Did you hear the one about the starving artist?

Did you hear the one about the starving artist?

Whenever somebody offered to buy his work, he thought they were just being patronizing.


After three waves of COVID-19, and a fourth one possibly imminent, we could all use a laugh. You might even say we’re starved for one.

Festival preview

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Winnipeg Comedy Festival
● Oct. 5-10
● Gas Station Arts Centre and the Burton Cummings Theatre
● Tickets $15-$20
winnipegcomedyfestival.com

That may be especially true of comedian Dean Jenkinson, the artistic director of the Winnipeg Comedy Festival. Jenkinson was given the AD baton in 2019 by former director Lara Rae. In his tenure, had to watch the 2020 edition of the annual comedy fest cancelled altogether during COVID’s second wave.

"Last year, we did get to do a very small festival that kind of split over the end of August and the beginning of October, right before the third wave started," he says.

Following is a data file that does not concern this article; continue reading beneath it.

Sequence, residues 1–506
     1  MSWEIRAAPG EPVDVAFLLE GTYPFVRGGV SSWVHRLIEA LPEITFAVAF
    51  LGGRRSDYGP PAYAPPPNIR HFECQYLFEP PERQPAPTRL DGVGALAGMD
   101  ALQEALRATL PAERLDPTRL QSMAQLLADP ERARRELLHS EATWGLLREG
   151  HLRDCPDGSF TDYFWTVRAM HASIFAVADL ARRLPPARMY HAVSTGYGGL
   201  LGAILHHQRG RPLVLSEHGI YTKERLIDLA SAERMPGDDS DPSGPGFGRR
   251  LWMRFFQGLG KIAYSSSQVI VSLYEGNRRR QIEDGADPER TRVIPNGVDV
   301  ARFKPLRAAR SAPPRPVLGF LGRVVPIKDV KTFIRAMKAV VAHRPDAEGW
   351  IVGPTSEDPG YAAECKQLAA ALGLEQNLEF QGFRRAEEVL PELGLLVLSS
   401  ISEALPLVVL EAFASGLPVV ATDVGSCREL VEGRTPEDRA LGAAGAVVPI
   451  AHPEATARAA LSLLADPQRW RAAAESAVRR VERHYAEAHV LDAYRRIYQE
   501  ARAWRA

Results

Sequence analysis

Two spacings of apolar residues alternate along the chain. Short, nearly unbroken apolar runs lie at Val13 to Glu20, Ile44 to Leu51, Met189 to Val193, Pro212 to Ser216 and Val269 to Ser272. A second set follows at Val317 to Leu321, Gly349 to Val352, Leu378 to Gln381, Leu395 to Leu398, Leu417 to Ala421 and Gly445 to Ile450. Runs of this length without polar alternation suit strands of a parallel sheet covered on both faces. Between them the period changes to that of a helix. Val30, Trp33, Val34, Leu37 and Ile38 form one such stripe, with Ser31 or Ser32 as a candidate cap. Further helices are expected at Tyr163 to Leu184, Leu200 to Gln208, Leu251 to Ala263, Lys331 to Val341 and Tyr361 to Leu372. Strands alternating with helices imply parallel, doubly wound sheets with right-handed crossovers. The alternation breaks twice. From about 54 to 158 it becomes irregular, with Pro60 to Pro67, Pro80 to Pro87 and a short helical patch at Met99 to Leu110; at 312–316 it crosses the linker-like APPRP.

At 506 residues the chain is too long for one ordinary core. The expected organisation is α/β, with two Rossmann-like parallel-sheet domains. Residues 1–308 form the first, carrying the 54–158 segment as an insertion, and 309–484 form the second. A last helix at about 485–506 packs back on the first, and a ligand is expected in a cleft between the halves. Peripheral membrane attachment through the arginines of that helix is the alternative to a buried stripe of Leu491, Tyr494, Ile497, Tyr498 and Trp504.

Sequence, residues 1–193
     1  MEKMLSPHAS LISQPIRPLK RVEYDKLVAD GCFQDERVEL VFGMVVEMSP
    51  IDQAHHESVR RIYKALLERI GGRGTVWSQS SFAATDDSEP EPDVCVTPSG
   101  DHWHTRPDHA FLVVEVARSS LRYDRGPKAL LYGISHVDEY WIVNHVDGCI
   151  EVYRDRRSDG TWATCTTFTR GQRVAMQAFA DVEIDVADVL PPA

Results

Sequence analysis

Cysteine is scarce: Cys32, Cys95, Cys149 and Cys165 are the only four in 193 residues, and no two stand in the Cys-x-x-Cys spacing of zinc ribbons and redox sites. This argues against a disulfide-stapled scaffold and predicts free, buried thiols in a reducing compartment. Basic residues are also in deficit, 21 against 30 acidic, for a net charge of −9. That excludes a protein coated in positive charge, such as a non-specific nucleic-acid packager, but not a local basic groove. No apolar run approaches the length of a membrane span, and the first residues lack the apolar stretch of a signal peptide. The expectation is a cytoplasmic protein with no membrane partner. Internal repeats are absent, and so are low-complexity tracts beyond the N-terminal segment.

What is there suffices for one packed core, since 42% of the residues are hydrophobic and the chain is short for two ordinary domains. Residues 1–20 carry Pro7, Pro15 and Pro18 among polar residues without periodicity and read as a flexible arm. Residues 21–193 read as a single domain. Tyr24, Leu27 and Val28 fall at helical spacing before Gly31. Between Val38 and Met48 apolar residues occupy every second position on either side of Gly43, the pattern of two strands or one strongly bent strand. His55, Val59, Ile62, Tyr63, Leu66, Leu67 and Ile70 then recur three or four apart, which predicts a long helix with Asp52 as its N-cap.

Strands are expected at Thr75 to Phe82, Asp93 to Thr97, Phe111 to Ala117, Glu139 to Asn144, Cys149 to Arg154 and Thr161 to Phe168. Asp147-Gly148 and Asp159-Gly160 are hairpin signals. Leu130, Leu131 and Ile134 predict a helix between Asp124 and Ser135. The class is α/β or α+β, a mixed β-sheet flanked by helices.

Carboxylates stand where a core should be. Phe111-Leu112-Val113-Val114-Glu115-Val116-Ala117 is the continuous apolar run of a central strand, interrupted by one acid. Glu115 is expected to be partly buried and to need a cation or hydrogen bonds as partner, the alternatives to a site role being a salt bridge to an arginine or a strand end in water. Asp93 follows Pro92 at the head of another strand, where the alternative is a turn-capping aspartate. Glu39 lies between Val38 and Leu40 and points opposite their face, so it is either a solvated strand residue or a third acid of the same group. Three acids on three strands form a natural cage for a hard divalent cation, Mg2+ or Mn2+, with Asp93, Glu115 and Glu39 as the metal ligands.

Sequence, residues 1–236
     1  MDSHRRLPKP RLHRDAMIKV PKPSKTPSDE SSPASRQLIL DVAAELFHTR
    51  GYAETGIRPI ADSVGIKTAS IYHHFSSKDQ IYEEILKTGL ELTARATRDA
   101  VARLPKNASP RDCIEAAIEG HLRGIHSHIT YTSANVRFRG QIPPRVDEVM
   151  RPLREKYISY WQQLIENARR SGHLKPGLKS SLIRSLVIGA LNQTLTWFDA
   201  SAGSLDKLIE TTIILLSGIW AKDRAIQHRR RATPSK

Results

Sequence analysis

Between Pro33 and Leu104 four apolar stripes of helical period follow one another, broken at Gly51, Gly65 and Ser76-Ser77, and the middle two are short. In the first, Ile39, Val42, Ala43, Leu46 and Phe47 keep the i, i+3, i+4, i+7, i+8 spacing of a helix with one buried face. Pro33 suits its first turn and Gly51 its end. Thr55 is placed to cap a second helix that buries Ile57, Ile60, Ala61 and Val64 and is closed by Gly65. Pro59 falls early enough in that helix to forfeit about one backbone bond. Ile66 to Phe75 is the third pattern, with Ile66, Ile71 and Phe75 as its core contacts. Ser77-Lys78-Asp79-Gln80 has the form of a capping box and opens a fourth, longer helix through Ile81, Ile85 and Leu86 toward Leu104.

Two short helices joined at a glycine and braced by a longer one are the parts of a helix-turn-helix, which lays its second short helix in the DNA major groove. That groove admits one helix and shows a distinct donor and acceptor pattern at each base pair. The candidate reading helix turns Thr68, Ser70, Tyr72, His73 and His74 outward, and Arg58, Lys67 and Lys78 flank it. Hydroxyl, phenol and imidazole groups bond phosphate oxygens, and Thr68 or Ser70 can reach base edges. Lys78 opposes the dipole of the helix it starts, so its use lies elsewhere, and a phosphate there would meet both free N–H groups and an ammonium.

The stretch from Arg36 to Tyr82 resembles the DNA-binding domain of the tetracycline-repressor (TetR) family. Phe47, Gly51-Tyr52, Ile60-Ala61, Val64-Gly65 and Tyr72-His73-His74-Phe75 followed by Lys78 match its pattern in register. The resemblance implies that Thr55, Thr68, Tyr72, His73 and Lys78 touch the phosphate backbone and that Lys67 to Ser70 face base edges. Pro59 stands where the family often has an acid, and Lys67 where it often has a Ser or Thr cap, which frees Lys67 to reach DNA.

This week, the comedy fest returns to something that looks like its former self, in a diminished capacity. Instead of playing in multiple venues, the fest will be headquartered at the Gas Station Arts Centre (which will play host to the popular show The Great Debaters nightly from Wednesday to Saturday) and the Burton Cummings Theatre, the home base of all the gala shows. Both venues will be open only to patrons with proof of double vaccination at 50 per cent capacity, with the Burt only opening its floor level, to a maximum of 250 people.

MIKAELA MACKENZIE / WINNIPEG FREE PRESS</p><p>Dean Jenkinson, director of the Winnipeg Comedy Festival, saw the 2020 event cancelled because of COVID-19.</p>

MIKAELA MACKENZIE / WINNIPEG FREE PRESS

Dean Jenkinson, director of the Winnipeg Comedy Festival, saw the 2020 event cancelled because of COVID-19.

"I know the Jets are doing well and the Bombers are doing well, so I’m crossing my fingers people are gonna want to come up," Jenkinson says in a phone interview.

Jenkinson acknowledges the changes can be tricky. An accomplished standup himself, he says the smaller crowds and social distancing alter the dynamics.

Gala performances at the Burt